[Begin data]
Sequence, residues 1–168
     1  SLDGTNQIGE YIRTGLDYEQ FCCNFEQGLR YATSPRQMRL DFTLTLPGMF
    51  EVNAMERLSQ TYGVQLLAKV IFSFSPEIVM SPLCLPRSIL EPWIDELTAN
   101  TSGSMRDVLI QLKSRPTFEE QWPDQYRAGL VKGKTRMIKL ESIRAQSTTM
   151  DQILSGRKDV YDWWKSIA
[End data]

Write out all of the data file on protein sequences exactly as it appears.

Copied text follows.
Sequence, residues 1–168
     1  SLDGTNQIGE YIRTGLDYEQ FCCNFEQGLR YATSPRQMRL DFTLTLPGMF
    51  EVNAMERLSQ TYGVQLLAKV IFSFSPEIVM SPLCLPRSIL EPWIDELTAN
   101  TSGSMRDVLI QLKSRPTFEE QWPDQYRAGL VKGKTRMIKL ESIRAQSTTM
   151  DQILSGRKDV YDWWKSIA